FIFPro President PhillipePiat said today the transfer system is illegal, citing the abuse of players’ rights coupled with a skewed, inflated and unsustainable labour market which poses an irrefutable threat to the football industry.

The World Footballers’ Union is pressing forward with its announced legal challenge to the transfer system. Experts from various fields have been engaged by FIFPro and a team of economists is conducting extensive research designed to expose the failings of the transfer system on the basis of freedom of movement, competition law and human rights.

Piat declared, “We are waiting for the European Court of Justice to recognise or otherwise the validity of our complaint. We know we are in the right!”

“At one point, FIFA went into reverse, in spite of its promises, even though some of them were made in writing. We have exhausted our capacity for dialogue.”

“It was in 1998, faced with the well founded grievances of the European Commission, that FIFA was constrained and forced to amend its transfer system. A certain number of points had to be and were amended (in 2001). But as a general rule, FIFA has shown itself to be much too vague in the content of most of the articles it has amended.”

FIFPro’s renewed stance comes in the wake of the latest FIFA Transfer Matching System (TMS) report which revealed global transfer fees in 2013 amounted to $3.72 billion USD, a significant increase of 41% on the previous year. Bearing in mind, this does not take into account domestic transfers between two clubs in the same national association.

“Today, transfer fees are exorbitant and obscene. It’s the system that permits this, just as it allows clubs to run with enormous deficits. It even authorizes third party ownership to trade shares in a player, as is done in the world of horses. These trends must worry all those who are thinking about and preparing for the football of tomorrow, as they worry FIFPro,” said Piat. “The transfer system is responsible for the inflationary bubble, denounced by all the parties, by everyone working to preserve the future of football.”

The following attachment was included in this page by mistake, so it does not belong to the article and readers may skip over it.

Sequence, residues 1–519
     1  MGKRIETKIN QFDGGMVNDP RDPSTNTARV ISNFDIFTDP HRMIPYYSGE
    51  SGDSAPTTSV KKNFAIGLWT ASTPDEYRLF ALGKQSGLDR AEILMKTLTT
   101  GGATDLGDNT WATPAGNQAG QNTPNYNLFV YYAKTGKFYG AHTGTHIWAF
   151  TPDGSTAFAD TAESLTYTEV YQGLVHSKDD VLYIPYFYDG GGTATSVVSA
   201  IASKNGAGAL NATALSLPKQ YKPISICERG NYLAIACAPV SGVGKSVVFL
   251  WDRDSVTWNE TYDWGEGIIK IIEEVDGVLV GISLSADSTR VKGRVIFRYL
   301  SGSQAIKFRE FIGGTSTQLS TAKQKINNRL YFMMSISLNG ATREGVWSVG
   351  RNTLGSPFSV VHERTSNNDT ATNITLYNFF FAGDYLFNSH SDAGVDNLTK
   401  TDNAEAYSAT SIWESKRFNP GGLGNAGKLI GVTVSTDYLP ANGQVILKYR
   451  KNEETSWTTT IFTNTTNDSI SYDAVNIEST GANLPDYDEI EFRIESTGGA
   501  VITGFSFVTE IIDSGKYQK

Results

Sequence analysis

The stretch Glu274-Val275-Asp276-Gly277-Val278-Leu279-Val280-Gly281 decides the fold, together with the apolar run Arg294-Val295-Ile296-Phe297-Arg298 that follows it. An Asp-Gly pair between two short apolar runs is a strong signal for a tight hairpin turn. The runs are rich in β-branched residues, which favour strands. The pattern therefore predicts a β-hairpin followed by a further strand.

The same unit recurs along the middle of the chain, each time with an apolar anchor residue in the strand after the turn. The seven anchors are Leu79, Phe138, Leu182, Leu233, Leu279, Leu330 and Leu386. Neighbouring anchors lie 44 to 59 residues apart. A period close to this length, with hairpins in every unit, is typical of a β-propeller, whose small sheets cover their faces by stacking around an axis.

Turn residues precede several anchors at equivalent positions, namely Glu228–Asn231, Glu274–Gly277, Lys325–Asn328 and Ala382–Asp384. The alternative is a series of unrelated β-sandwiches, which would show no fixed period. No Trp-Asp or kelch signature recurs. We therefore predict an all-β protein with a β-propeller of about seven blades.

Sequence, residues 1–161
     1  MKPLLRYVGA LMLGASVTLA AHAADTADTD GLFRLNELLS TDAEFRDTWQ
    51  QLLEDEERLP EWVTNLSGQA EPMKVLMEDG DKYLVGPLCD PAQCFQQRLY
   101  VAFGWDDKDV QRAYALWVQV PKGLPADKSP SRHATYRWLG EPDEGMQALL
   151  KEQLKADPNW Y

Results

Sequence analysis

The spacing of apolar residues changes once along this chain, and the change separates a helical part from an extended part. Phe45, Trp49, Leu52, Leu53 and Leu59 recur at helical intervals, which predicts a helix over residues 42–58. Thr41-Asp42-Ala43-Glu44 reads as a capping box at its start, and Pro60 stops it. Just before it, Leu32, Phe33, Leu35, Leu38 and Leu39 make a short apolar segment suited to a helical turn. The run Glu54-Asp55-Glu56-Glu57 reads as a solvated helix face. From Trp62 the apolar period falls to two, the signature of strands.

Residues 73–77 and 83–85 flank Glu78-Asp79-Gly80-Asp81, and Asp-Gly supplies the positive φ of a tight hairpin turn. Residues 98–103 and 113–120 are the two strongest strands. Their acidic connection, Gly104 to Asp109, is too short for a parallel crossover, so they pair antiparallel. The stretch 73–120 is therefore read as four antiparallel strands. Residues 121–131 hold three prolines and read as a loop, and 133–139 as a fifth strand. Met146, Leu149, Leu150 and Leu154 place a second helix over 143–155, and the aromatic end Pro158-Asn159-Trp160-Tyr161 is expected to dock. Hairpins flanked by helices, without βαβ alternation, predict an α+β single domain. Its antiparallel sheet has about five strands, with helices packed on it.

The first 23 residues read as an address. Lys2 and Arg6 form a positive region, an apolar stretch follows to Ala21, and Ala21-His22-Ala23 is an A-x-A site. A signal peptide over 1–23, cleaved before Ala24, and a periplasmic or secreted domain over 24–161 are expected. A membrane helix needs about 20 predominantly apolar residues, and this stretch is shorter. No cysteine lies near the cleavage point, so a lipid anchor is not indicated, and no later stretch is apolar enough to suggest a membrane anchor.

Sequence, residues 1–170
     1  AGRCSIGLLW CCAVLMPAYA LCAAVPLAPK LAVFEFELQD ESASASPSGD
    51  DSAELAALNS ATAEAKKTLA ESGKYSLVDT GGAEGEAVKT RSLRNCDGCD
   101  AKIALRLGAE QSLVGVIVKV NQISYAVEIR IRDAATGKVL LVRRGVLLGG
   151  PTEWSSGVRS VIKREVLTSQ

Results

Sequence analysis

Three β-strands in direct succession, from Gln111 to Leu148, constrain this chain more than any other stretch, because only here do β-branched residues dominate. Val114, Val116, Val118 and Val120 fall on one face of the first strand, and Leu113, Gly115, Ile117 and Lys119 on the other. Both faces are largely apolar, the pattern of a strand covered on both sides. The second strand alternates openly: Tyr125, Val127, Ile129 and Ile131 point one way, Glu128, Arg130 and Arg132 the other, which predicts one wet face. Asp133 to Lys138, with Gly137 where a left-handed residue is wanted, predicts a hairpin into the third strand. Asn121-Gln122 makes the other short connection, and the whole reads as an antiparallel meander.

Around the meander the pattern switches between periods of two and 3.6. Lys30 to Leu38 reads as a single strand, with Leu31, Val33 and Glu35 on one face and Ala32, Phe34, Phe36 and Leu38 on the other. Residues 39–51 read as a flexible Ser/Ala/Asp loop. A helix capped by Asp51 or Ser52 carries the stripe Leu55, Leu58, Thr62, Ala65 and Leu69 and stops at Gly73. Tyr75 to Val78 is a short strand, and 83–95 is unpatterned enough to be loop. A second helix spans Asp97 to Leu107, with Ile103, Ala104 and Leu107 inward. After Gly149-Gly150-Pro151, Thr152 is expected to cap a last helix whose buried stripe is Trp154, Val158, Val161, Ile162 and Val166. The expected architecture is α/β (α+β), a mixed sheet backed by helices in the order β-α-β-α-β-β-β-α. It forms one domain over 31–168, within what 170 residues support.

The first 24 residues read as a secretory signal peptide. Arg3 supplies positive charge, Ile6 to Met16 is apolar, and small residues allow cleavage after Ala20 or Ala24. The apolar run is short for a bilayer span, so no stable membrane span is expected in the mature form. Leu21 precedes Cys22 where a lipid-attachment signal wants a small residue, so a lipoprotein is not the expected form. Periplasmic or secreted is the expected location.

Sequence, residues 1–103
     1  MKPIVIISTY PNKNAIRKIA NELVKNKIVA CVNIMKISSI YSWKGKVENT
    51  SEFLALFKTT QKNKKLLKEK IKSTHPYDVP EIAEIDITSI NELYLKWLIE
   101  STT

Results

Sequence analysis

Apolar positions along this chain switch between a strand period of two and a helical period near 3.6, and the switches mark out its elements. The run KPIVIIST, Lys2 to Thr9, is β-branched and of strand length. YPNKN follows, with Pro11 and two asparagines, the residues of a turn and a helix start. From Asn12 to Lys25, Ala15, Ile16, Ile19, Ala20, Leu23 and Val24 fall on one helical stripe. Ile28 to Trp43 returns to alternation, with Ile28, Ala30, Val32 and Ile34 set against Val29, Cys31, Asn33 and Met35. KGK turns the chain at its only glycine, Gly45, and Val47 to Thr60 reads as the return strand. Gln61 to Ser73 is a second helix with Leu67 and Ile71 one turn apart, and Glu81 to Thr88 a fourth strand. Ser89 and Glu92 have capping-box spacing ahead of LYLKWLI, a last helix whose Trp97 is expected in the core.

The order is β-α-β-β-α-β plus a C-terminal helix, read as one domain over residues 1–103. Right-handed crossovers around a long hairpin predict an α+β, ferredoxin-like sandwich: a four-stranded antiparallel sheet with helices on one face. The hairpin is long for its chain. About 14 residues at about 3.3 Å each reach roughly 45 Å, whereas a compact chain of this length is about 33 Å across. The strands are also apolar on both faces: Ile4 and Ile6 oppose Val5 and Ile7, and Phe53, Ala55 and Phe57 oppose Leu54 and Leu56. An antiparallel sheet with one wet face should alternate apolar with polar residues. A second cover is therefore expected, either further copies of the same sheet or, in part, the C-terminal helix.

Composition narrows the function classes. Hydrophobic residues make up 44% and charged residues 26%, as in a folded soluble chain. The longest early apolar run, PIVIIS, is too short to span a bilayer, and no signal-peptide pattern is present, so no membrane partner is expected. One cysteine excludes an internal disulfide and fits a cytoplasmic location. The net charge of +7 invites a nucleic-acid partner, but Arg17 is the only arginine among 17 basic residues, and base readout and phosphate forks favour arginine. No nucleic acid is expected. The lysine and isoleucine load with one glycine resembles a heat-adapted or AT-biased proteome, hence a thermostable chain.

FIFPro General Secretary, Theo van Seggelen, said football’s financial trend speaks for itself, “While the overall financial pie has reached an unprecedented level, non-payment of wages is rife across the game and we know a crisis is looming for the football industry.”

“We see this trend developing on numerous levels through our vast experience of nearly fifty years in the game and the complaints received from of our 55 member unions worldwide who show us daily that the majority of professional players are denied their basic rights.”

“Part of the problem is these are ‘invisible’ players, those who do not command the attention of the wider public, whereas in actual fact they are the front line of this battle. Their struggles are representative and symptomatic of the transfer system’s core deficiencies,” concluded Van Seggelen.

Respect of contract is a fundamental right for all professional footballers as they are workers/employees like any other in the eyes of the law. The issue was recently highlighted by the players of Spanish club Racing de Santander who refused to compete for the ball after the opening whistle had sounded in their Copa del Rey Quarter-Final against Real Sociedad. The players had not been paid for more than four months.

Piat adds, “Non-payment of players opens the door to corruption.”

“A player who hasn’t been paid, as commonly occurs in many countries in the former Eastern bloc, or in Africa or Asia, is much more easily manipulated. Those who organise match-fixing know this very well, and the examples of those players who are left adrift, and who end up being forced to fix matches, are unfortunately commonplace.”

“But the footballer is not the only guilty party, if ever he was in any case: the club which doesn’t pay him his wages is just as much to blame. But the player is often the only one taken to court, hounded and condemned.